audience was around 90%. By the early 1990s, this share had dropped
to roughly 65% because of the new forms of competition. Fin-Syn
opponents also argued that the presence of vertical integration
among other media companies--including organizations with television
production arms like Time Warner-- was unfair.
In 1991, then, the FCC relaxed the Fin-Syn rules after an intense
lobbying war pitting the major television producers (for Fin-Syn)
against the major television distributors (against Fin-Syn). Appeals
courts later relaxed the rules even further, in essence eliminating
all traces of Fin-Syn by November 1995.
The elimination of the Fin-Syn rules could ultimately have several
long-term consequences for television. The first consequence is
the merging of production organizations with distribution organizations.
One example of this is increased in-house production by the big
three networks. By 1992, for example, NBC was the single largest
supplier of its own prime-time programming. Besides the distribution
firms of television becoming more involved in production, production
firms have gotten more involved in distribution. The creation of
three new broadcast networks from 1986-1995 illustrates this. FOX
Broadcasting, supported by its direct relationship with a Hollywood
studio, is an early innovator here. In fact, the spark that led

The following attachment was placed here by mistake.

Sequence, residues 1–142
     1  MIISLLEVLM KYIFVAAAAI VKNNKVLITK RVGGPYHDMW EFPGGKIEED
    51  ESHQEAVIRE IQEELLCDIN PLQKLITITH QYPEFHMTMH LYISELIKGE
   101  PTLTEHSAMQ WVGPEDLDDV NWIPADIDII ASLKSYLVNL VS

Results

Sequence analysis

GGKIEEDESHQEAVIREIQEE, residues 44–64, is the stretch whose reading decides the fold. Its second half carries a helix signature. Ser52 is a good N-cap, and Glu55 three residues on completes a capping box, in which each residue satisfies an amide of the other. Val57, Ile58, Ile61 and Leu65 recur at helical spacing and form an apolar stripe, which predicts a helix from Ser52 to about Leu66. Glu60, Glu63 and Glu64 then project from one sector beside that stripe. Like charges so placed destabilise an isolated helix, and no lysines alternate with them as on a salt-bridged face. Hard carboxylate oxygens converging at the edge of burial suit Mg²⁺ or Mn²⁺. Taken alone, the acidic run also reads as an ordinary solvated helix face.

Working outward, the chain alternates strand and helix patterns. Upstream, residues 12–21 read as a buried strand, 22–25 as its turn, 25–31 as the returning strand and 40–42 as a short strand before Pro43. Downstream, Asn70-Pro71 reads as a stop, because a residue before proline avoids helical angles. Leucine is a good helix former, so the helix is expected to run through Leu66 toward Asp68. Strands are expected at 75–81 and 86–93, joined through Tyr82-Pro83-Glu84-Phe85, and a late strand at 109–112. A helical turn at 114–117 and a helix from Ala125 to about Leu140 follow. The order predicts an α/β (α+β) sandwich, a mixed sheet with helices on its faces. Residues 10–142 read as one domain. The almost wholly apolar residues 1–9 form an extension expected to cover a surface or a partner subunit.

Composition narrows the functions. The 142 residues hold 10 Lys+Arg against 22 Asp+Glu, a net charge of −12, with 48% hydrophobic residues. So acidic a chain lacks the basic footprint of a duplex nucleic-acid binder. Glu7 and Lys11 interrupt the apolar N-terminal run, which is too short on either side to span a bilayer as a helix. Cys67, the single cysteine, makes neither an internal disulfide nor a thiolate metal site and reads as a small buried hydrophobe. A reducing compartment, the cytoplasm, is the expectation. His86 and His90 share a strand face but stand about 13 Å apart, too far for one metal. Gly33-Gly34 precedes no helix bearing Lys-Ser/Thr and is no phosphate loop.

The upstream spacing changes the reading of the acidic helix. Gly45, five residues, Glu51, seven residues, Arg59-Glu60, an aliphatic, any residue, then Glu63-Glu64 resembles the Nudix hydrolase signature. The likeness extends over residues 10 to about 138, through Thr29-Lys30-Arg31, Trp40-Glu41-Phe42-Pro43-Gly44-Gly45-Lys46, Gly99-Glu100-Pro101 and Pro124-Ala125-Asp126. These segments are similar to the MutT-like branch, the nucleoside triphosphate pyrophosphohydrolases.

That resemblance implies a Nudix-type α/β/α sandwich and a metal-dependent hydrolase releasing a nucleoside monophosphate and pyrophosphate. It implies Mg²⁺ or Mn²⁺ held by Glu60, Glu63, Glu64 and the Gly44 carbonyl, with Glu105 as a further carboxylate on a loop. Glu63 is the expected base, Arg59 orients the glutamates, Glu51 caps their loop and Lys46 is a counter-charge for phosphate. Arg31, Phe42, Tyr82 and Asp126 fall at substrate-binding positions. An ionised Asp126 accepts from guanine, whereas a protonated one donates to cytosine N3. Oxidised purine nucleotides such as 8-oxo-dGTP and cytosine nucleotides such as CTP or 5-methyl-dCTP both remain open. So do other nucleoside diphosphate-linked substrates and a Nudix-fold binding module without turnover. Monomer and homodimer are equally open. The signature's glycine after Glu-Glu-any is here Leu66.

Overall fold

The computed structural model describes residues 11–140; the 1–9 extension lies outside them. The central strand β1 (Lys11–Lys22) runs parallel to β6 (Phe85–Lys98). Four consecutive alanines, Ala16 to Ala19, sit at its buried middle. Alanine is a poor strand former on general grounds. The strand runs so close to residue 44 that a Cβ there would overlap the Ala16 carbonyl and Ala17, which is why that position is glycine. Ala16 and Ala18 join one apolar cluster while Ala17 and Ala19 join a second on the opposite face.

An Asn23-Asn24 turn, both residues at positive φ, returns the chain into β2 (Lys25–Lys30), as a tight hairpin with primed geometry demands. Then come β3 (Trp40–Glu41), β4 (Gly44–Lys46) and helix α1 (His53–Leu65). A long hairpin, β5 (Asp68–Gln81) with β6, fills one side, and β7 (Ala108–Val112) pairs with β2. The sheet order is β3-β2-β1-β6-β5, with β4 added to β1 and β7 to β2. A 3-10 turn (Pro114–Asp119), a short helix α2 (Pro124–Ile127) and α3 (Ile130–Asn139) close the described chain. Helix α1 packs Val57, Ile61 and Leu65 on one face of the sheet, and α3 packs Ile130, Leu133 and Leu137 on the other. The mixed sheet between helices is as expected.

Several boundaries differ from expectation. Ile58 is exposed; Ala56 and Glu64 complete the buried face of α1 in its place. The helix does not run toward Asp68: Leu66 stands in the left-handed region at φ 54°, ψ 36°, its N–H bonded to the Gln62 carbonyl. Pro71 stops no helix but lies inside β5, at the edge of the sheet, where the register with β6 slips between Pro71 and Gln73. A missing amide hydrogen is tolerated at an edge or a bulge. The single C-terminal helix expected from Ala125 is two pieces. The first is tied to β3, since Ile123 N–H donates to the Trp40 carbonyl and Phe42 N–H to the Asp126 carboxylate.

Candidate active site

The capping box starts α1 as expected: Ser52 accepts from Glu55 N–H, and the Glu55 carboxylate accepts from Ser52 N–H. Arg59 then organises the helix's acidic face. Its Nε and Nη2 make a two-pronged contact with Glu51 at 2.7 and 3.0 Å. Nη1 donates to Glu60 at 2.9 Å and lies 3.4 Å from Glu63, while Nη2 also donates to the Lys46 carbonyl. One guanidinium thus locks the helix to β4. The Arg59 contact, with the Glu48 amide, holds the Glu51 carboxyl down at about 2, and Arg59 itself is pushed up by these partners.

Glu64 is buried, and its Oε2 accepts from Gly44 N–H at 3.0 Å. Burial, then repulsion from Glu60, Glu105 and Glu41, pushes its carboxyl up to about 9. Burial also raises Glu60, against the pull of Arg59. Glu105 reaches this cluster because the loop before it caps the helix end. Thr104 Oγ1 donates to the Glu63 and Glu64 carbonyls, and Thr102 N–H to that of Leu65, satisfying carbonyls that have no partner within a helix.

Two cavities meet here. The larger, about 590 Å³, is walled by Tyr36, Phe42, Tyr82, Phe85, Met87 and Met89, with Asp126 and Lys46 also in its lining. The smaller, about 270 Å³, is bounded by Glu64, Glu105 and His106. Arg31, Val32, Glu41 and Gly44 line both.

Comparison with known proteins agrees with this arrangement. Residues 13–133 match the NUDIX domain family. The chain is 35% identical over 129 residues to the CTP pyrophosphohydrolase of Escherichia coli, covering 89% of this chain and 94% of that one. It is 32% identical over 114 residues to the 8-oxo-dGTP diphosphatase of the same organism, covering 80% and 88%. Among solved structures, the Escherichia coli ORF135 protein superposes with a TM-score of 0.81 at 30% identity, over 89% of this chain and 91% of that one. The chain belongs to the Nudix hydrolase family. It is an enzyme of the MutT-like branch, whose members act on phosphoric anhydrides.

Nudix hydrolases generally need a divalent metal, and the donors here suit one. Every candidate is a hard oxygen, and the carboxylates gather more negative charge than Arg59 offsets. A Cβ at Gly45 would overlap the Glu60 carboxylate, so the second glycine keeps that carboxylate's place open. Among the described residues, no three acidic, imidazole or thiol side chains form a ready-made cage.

to the Fin-Syn elimination was FOX Broadcasts' 1990 request for
Fin-Syn revisions. FOX, both a major producer and a mini network,
wanted the transition to full network status to be unimpeded by
Fin-Syn. Once the rules against the production-distribution merge
were on their deathbed, Paramount and Warner Brothers soon joined
FOX in forming studio-based television networks. The mid-1990s were
likewise filled with rumors that a major studio, like Disney, might
purchase one of the big three networks instead of starting one from
scratch. And indeed, the rumors became fact when Disney purchased
Cap Cities/ABC in 1995.
future of independents--both independent producers and independent
stations--may also be significantly affected by the demise of Fin-Syn.
Independent producers worry that, at worst, the networks will no
longer require their services and, at best, the nets will demand
a share of syndication rights to programs and will privilege in-house
productions with the best time slots. Independent stations worry
that the networks will warehouse their best off-network programs,
now that they will own the syndication rights. Some charged that
the 1994 syndication of The Simpsons--sold to around 70 FOX
affiliates--is a sign of the favoritism to come.
other critics note the dangers to programming diversity and advertising
interference that may result from the deregulation. Now that the
networks may benefit from syndication, for example, will they have
an incentive to put on programs with high syndication potential,
like situation comedies? Also, during the Fin-Syn era, prime-time
network producers were at least superficially insulated from advertiser
influence because of the separation of production from distribution.
Advertisers paid the networks rather than the producers of TV content.
Because the categories of production and distribution have collapsed
together after Fin-Syn, advertisers may have more direct access
to network production because they now write checks directly to
organizations that produce as well as distribute.
in the Financial Interest and Syndication rules illustrate the significance
of communication policy in affecting the daily menu of television
choices available to the public. As much as alterations in technologies,
techniques, and personalities, changes in the Fin-Syn rules, and
their possible disappearance, have an immediate, significant effect
on the television industry and television audiences.